Currently I’m preparing to take part in a preaching workshop hosted by the Charles Simeon Trust. This is the third year I’ve participated and anticipate being just as blessed this year as in past years. Unlike other theological or pastors’ conferences, this is a real workshop, with lots of prep work and peer review throughout the week. If there’s a workshop meeting near you, I would encourage any pastor to attend. Toward that end, here are a few quick thoughts and encouragements regarding the work of preachers.
- Pastors can be a whiny bunch.* To be fair, it’s not just pastors. Experience has taught me that any members of a given profession have a unique ability to identify and bemoan the disadvantages and challenges of their calling. But to be fair again, pastors do it too. The balance between identifying and healing real problems while being strong enough to labor through challenges is hard to find but worth pursuing.
- Pastors need honest critique and healthy oversight. Most of us work alone for much of the week. Few of us let anyone else see or hear our sermon before Sunday morning. And a lot of us hear generally kind remarks from the congregation which are encouraging but often lacking in substance. When we do get critiqued, it’s often scattered or unkind or coming from a place we simply can’t condone. So whether it comes from good ruling elders, other pastors or a presbytery, pastors ought to expect to be watched and held accountable and given good critique by people they trust.
- Several years ago, Ted Donnelly reminded a group of pastors that almost every man in their congregation was subjected to quarterly performance reviews at their jobs, while many pastors are tempted retreat into self-protection any time their work is put under a microscope. If our work is important, it should be evaluated. If evaluations are honest, they won’t always be pretty.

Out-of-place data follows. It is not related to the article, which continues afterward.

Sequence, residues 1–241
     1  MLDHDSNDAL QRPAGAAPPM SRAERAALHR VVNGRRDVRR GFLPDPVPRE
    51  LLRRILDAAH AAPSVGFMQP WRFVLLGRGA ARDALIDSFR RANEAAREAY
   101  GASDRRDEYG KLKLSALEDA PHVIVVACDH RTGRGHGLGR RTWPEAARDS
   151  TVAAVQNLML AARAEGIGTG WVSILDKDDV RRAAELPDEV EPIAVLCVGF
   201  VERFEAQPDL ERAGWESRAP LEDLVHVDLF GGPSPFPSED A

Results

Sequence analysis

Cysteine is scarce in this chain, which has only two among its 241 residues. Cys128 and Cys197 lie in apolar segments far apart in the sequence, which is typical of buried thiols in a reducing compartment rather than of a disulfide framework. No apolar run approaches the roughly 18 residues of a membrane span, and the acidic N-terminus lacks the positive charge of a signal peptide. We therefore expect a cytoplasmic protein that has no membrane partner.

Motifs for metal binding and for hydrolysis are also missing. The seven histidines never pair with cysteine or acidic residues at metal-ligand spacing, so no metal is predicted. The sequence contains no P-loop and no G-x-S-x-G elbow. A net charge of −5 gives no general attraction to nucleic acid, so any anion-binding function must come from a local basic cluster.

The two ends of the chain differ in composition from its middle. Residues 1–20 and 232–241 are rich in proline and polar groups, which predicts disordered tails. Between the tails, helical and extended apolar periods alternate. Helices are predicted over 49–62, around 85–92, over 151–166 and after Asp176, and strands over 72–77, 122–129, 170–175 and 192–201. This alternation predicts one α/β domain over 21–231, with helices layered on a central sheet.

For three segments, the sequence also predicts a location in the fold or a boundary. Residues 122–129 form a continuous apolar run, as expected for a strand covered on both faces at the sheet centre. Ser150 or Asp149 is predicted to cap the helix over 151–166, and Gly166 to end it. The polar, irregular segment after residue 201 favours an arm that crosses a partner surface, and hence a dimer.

- Pastors need peer review. Most of us go through seminary and presbytery exams with every sermon we preach under the watchful eye of many skillful and caring men. And then we get ordained. And then the reviews stop, completely. It simply can’t be healthy for us to never have our sermons honestly critiqued by other skilled teachers or preachers. I’ve often wished we had some mechanisms in our presbytery which would require or at least encourage and enable preachers to regularly (every six months? annually?) have their sermons reviewed by people outside their congregation. Again, it wouldn’t always be pretty, but it would always be helpful.
Paul called us elders “who labor in preaching and teaching” (1 Tim. 5:17) and called us to do our best to be approved by God, workers without shame. When we don’t seek out opportunities for honest critique, we are implicitly remaining content with our current skill level, happy to be as good as we are but not driven to be any better.
May God give pastors such a passion for their work that we never stop striving to improve.
*Note: I believe Kyle’s post on “Hurtful Sheep and Bullied Pastors” stands true and helpful. As far as I know, Kyle isn’t a whiny guy.